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Where to File if Parents In Different States?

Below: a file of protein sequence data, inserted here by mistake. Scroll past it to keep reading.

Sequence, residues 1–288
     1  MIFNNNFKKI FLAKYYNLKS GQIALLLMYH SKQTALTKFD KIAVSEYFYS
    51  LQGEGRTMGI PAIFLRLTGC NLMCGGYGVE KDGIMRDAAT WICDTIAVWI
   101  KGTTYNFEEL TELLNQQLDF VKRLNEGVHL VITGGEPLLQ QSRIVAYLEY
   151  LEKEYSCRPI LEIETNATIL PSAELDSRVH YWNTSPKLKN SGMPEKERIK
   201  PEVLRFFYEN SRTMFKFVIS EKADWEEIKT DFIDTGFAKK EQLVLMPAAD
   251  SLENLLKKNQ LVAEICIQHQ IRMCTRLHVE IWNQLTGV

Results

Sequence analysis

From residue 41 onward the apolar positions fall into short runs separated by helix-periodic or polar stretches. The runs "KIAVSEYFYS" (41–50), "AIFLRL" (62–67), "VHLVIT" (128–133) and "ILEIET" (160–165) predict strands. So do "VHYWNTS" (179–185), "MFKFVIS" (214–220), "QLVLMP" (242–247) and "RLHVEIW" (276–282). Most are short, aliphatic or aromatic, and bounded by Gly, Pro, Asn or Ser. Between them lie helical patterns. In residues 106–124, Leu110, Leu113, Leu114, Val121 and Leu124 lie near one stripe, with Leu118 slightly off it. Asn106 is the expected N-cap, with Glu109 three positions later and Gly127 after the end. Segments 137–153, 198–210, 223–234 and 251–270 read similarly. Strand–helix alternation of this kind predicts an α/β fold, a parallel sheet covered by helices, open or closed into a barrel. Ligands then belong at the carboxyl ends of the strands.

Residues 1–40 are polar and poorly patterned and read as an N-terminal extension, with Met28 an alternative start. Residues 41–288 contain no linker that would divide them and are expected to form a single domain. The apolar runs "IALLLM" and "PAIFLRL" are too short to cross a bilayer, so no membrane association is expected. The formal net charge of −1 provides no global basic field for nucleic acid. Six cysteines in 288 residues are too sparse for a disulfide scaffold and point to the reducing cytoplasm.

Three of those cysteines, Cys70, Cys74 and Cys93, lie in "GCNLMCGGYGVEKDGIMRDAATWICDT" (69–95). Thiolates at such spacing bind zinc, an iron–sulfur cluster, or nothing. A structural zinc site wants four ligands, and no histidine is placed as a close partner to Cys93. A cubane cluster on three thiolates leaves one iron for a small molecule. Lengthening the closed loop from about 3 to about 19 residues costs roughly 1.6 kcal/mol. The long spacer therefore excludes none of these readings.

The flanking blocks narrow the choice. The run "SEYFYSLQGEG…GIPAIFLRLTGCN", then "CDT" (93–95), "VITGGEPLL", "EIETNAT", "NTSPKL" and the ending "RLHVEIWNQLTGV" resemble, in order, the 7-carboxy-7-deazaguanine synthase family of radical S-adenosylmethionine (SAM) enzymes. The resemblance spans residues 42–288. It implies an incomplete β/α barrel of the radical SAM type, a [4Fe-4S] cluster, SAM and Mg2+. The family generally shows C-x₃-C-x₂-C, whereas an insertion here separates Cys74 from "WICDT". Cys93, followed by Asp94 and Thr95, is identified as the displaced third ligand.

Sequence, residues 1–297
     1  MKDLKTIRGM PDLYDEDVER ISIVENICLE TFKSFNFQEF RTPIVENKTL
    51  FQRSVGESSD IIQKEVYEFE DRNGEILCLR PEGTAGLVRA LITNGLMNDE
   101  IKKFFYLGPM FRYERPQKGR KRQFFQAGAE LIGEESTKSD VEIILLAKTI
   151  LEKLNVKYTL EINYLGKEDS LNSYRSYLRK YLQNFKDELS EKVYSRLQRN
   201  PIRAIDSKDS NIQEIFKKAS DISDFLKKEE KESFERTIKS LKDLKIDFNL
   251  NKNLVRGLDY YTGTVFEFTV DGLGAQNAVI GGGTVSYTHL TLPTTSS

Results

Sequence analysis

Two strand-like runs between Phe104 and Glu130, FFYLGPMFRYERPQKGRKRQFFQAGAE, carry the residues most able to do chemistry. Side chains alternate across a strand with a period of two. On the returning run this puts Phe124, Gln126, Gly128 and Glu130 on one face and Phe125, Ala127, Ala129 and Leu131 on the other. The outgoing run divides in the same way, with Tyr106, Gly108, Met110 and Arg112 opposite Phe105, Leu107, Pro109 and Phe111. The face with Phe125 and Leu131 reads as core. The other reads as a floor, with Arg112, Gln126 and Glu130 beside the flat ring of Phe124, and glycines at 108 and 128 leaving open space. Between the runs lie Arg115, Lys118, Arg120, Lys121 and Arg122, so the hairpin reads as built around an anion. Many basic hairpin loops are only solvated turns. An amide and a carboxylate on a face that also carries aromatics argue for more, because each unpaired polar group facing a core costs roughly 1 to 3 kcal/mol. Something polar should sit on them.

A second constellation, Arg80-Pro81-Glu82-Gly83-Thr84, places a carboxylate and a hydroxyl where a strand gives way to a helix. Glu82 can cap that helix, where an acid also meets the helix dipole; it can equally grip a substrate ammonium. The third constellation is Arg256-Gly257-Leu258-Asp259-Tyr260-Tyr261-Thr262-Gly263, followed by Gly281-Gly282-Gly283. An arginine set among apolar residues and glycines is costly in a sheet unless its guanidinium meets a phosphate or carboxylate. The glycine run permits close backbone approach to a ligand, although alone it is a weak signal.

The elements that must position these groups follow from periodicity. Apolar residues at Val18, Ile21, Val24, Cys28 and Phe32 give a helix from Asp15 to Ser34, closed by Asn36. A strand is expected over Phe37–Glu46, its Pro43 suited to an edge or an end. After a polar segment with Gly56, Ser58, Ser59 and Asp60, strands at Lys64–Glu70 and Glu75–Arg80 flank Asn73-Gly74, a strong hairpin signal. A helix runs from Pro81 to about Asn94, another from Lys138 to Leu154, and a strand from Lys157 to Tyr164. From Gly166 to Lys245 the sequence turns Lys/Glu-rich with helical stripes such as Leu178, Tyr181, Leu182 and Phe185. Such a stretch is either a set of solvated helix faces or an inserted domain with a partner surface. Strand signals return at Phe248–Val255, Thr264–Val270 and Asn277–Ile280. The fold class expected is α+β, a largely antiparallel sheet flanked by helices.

Having an office on the border of Ohio and Kentucky and practicing family law in both states, I am often asked: Where is proper place to file a divorce or custody action when the parties live in different states? Is it better for a father or mother to file in Ohio or Kentucky? There are some simple guidelines and some not-so-simple answers that are largely fact dependent.  First, the place of the marriage or birth of the child is irrelevant to where a filing should take place.  For a divorce, the place that the parties have resided for the most recent 6 month period should be the jurisdiction of filing.  For a custody action, the place that the child has resided for the most recent 6 months is the correct place of filing. What if the child spends equal time with each parent in different states?  This becomes more complex and is more case specific/fact dependent.  If the child spends more time, then that state is more appropriate.  That said, the first filing may be controlling.  If both parties file in different states, then the courts look at a variety of factors to determine which jurisdiction is more appropriate.  Those factors include the time in each state, reasons for filing in one v. other and most importantly, where the evidence is located. For example, if Father lives in Kentucky, the grandparents live in Kentucky, the child attends daycare in Kentucky, is treated by doctors in Kentucky, and both parties work in Kentucky while Mother lives in Ohio, then the evidence would be primarily Kentucky.  The potential witnesses are located in Kentucky (parent, grandparents, teachers, physicians) and the evidence is located in Kentucky (school/daycare records, medical records).  If the factors weigh about equally, then the first filing may also be a factor.  The judges from each state will discuss and make a mutual determination and the parties may have counsel in each state. The factors are the same regardless of which 2 states are involved.  It is more common when the states abut one another, however the decision making is the same if Kentucky v. California or Kentucky v. Ohio.  When the states are separated, it is very seldom that there is not a primary place of residence, which is controlling. Most attorneys will advise after consultation and help to answer the following questions: Which state is better suited to a particular parent? Which state is more "father friendly" or "pro-mother"? Which state is better for spousal support?  How does fault figure into a divorce in each state? How long will the process take in each state? If you ahve questions or are seeking counsel for custody or divorce in Northern Kentucky or Cincinnati, contact the Bouldin Law Firm and schedule an appointment.  Email Mike at [email protected] or call 581-MIKE.  859-581-6453.

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